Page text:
Last week, I mentioned some interesting new results in my corner of physics. I’ve now finally read the two papers and watched the recorded talk, so I can satisfy my frustrated commenters.
Quantum mechanics is a very cool topic and I am much less qualified than you would expect to talk about it. I use quantum field theory, which is based on quantum mechanics, so in some sense I use quantum mechanics every day. However, most of the “cool” implications of quantum mechanics don’t come up in my work. All the debates about whether measurement “collapses the wavefunction” are irrelevant when the particles you measure get absorbed in a particle detector, never to be seen again. And while there are deep questions about how a classical world emerges from quantum probabilities, they don’t matter so much when all you do is calculate those probabilities.
They’ve started to matter, though. That’s because quantum field theorists like me have recently started working on a very different kind of problem: trying to predict the output of gravitational wave telescopes like LIGO. It turns out you can do almost the same kind of calculation we’re used to: pretend two black holes or neutron stars are sub-atomic particles, and see what happens when they collide. This trick has grown into a sub-field in its own right, one I’ve dabbled in a bit myself. And it’s gotten my kind of physicists to pay more attention to the boundary between classical and quantum physics.
The thing is, the waves that LIGO sees really are classical. Any quantum gravity effects there are tiny, undetectably tiny. And while this doesn’t have the implications an expert might expect (we still need loop diagrams), it does mean that we need to take our calculations to a classical limit.
Figuring out how to do this has been surprisingly delicate, and full of unexpected insight. A recent example involves two papers, one by Andrea Cristofoli, Riccardo Gonzo, Nathan Moynihan, Donal O’Connell, Alasdair Ross, Matteo Sergola, and Chris White, and one by Ruth Britto, Riccardo Gonzo, and Guy Jehu. At first I thought these were two groups happening on the same idea, but then I noticed Riccardo Gonzo on both lists, and realized the papers were covering different aspects of a shared story. There is another group who happened upon the same story: Paolo Di Vecchia, Carlo Heissenberg, Rodolfo Russo and Gabriele Veneziano. They haven’t published yet, so I’m basing this on the Gonzo et al papers.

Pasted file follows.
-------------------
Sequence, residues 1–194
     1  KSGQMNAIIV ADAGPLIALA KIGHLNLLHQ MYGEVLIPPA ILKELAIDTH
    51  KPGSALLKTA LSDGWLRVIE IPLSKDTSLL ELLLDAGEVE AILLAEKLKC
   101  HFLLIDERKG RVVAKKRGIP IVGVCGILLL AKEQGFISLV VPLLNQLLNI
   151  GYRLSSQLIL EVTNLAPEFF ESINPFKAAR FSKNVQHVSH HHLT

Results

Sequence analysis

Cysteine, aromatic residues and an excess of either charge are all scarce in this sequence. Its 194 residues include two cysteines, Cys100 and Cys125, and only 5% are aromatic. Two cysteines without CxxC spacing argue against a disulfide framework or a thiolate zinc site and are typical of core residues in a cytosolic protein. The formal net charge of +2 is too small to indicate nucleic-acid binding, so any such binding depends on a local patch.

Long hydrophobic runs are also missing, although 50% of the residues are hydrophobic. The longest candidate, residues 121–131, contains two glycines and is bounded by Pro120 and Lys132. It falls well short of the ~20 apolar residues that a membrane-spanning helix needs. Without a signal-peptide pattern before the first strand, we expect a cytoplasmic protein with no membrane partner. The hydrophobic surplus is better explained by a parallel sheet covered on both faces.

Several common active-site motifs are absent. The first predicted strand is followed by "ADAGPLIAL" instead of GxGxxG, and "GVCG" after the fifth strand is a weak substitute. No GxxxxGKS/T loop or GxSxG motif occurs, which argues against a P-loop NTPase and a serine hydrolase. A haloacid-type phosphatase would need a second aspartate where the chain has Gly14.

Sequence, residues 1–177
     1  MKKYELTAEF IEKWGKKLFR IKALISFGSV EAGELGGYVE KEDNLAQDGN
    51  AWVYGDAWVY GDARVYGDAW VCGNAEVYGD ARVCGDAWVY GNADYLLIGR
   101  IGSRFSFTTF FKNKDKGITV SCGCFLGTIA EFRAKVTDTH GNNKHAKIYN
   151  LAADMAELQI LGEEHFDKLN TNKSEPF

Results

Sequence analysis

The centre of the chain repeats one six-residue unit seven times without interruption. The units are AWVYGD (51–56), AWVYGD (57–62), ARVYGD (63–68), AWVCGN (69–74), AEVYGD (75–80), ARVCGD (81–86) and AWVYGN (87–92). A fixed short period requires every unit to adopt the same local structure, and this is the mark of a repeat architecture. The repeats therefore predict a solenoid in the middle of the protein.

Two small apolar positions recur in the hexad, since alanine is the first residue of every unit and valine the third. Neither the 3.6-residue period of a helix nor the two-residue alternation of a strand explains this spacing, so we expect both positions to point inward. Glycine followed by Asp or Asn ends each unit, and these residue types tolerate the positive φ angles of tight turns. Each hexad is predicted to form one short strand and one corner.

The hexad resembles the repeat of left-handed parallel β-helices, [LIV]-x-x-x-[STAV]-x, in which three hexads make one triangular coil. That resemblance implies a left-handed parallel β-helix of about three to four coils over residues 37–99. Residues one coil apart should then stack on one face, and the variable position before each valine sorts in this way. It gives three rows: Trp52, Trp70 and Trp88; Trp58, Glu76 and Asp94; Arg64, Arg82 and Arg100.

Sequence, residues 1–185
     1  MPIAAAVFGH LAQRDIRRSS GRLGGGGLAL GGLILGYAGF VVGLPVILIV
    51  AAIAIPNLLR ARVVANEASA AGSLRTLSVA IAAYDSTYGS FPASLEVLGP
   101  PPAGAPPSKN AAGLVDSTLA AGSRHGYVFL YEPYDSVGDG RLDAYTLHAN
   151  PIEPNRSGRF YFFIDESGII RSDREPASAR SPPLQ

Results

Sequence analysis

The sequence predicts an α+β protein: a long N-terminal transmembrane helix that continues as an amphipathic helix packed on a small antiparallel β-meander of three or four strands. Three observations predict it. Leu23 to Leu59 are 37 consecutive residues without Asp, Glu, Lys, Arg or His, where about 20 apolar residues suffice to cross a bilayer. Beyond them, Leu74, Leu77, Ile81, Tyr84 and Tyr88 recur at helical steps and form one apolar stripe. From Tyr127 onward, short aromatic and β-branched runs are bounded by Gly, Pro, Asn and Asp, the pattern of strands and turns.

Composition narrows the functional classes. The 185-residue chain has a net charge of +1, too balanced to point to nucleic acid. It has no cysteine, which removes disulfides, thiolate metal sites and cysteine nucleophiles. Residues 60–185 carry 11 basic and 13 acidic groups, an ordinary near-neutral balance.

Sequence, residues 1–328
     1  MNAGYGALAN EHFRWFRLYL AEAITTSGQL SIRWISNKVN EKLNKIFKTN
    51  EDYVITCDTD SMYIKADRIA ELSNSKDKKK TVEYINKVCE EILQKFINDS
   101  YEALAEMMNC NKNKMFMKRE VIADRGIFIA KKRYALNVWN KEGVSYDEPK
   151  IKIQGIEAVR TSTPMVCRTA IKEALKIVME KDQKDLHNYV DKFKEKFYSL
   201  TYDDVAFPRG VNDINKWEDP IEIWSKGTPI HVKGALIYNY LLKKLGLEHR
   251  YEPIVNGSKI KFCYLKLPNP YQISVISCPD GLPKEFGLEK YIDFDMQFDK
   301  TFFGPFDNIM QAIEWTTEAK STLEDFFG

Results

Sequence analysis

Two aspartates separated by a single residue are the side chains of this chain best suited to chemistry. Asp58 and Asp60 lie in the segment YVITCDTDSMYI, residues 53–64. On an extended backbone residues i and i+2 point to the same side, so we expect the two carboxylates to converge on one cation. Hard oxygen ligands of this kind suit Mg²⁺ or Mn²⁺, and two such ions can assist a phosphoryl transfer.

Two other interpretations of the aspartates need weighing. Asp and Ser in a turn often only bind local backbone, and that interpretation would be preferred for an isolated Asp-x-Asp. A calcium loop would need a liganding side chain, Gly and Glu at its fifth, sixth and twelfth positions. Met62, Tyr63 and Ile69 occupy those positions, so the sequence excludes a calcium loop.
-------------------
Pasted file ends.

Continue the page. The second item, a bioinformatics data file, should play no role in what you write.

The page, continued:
The key question each group asked was, what does it take for gravitational waves to be classical? One way to ask the question is to pick something you can observe, like the strength of the field, and calculate its uncertainty. Classical physics is deterministic: if you know the initial conditions exactly, you know the final conditions exactly. Quantum physics is not. What should happen is that if you calculate a quantum uncertainty and then take the classical limit, that uncertainty should vanish: the observation should become certain.
Another way to ask is to think about the wave as made up of gravitons, particles of gravity. Then you can ask how many gravitons are in the wave, and how they are distributed. It turns out that you expect them to be in a coherent state, like a laser, one with a very specific distribution called a Poisson distribution: a distribution in some sense right at the border between classical and quantum physics.
The results of both types of questions were as expected: the gravitational waves are indeed classical. To make this work, though, the quantum field theory calculation needs to have some surprising properties.
If two black holes collide and emit a gravitational wave, you could depict it like this:
where the straight lines are black holes, and the squiggly line is a graviton. But since gravitational waves are made up of multiple gravitons, you might ask, why not depict it with two gravitons, like this?
It turns out that diagrams like that are a problem: they mean your two gravitons are correlated, which is not allowed in a Poisson distribution. In the uncertainty picture, they also would give you non-zero uncertainty. Somehow, in the classical limit, diagrams like that need to go away.
And at first, it didn’t look like they do. You can try to count how many powers of Planck’s constant show up in each diagram. The authors do that, and it certainly doesn’t look like it goes away:
Luckily, these quantum field theory calculations have a knack for surprising us. Calculate each individual diagram, and things look hopeless. But add them all together, and they miraculously cancel. In the classical limit, everything combines to give a classical result.
You can do this same trick for diagrams with more graviton particles, as many as you like, and each time it ought to keep working. You get an infinite set of relationships between different diagrams, relationships that have to hold to get sensible classical physics. From thinking about how the quantum and classical are related, you’ve learned something about calculations in quantum field theory.
That’s why these papers caught my eye. A chunk of my sub-field is needing to learn more and more about the relationship between quantum and classical physics, and it may have implications for the rest of us too. In the future, I might get a bit more qualified to talk about some of the very cool implications of quantum mechanics.